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How to Deal with My Teen Daughter’s Mood Swings

Questioner

M (39_female_US)

Reply Date

Aug 05, 2018

Question

As-salamu `aliakum, I have a girl she is now 14-year-old, and I really have a difficult time managing her temper and her ups and downs. One day she is active, the other she is so lazy. She does not allow us to give her any advice anymore. Is this normal when a kid becomes a teenager? How can I manage?

Counselor

Answer


Teen daughter

In this counseling answer:

“Teens are known to feel that they know everything and then al hamdu lillah, life experience teaches them that they really do not know everything. Break the cycle of how you communicate with your teen. Take a refreshing approach and ask her about her feelings and if she knows what she did wrong for example.”


As-salamu `Alaikum, 

Thank you for your question. Actually, you have a fairly normal teenager, but that does not mean you should not watch out for signals that your teenager needs professional help. While temper tantrums are normal to some degree, it should be monitored to detect if the teenager actually has an anger management problem.

•What makes her angry?

•Is it anything concrete or do you have trouble pinpointing why she is angry?

•Ask her, is she able to tell you why she is angry?

•How long does she stay angry?

•Does she act out?

•Become violent?

Keep track of these issues to make sure you get her help if in fact she is having anger management issues.

As for the being lazy one day and active the next, this can again be something normal because of the physical and hormonal changes teenagers are going through. They do tend to need a lot of sleep in the adolescent years to facilitate their growth. However, we again suggest that you monitor her activity patterns and consult a counselor if there is cause for concern, i.e. your daughter’s outlook on life is being affected.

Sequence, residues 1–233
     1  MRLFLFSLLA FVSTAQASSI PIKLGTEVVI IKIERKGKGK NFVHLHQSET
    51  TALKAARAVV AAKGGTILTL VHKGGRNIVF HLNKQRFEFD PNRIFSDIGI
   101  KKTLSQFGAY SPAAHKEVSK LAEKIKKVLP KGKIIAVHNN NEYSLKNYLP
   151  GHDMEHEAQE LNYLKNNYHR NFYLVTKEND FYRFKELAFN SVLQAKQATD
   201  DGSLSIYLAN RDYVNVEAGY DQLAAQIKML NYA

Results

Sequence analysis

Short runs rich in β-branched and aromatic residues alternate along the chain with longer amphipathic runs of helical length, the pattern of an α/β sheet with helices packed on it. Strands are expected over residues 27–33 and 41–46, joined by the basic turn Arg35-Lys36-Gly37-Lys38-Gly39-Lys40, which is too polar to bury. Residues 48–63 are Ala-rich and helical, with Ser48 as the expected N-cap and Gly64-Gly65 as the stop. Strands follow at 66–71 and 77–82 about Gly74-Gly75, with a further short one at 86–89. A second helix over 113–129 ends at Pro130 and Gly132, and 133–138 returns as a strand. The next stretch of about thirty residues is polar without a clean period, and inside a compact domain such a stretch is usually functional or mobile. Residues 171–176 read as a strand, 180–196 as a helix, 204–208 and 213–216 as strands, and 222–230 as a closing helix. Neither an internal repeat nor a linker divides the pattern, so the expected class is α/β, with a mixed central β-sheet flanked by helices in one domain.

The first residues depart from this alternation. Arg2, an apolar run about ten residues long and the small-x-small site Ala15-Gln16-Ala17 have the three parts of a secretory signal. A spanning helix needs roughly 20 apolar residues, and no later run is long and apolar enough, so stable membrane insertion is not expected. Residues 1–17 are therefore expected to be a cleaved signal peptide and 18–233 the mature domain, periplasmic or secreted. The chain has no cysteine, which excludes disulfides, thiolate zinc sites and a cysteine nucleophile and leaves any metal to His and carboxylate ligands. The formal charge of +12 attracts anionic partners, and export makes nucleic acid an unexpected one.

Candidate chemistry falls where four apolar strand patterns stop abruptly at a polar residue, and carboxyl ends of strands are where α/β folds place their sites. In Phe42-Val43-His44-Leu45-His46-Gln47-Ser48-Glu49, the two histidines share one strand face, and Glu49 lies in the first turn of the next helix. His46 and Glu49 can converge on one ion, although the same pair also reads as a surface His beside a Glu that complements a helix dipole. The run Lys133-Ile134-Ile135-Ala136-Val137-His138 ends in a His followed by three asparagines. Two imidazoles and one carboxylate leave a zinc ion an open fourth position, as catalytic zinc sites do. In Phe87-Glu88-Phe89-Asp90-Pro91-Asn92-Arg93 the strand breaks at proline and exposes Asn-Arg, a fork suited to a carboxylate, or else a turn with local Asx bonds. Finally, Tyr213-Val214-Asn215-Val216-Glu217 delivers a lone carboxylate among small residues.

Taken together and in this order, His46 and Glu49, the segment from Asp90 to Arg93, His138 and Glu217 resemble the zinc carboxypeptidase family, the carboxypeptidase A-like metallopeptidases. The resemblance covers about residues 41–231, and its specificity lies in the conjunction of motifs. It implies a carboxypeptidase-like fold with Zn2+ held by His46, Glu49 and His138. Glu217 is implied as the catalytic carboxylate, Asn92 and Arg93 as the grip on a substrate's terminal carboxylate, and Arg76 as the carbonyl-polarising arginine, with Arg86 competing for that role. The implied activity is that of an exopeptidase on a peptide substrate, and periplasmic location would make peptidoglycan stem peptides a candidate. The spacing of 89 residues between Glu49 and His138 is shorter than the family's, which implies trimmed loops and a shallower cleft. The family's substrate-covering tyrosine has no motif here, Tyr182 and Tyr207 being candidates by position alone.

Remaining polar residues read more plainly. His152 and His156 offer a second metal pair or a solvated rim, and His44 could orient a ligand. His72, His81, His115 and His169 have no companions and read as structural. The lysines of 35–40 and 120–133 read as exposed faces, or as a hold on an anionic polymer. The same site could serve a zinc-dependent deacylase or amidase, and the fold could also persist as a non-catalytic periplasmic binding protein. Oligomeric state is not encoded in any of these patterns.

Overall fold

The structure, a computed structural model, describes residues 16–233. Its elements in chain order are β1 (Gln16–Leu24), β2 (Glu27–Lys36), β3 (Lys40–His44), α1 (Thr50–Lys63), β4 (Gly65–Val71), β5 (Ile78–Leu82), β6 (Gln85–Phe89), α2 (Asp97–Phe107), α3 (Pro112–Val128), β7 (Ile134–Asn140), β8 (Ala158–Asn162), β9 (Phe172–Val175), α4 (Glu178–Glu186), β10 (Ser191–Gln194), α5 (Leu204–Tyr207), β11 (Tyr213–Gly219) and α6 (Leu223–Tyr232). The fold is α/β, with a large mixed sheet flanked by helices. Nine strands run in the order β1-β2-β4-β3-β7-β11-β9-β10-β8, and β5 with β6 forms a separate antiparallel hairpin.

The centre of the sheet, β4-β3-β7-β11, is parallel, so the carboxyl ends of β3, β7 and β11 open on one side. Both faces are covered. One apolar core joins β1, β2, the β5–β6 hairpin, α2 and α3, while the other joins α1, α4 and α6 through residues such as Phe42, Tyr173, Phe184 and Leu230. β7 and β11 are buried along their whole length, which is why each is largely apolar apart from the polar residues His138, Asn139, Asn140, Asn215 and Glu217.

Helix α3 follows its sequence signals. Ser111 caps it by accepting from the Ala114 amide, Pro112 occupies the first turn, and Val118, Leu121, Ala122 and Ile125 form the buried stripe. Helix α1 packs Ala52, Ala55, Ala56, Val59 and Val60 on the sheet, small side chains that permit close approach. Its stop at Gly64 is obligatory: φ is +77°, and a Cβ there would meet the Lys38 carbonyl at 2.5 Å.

Finally, teens are known to feel that they know everything and then al hamdu lillah, life experience teaches them that they really do not know everything. Break the cycle of how you communicate with your teen. Take a refreshing approach and ask her about her feelings and if she knows what she did wrong for example.

Sometimes the teens want to just talk to you and share something without getting any advice. So pay attention to each situation insha’Allah and exercise judgment in listening more and speaking less. Of course, as a parent, you should always advise your teen, but choosing the right time and the right thing to say requires having a very strong relationship with one’s teens!


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Read more:

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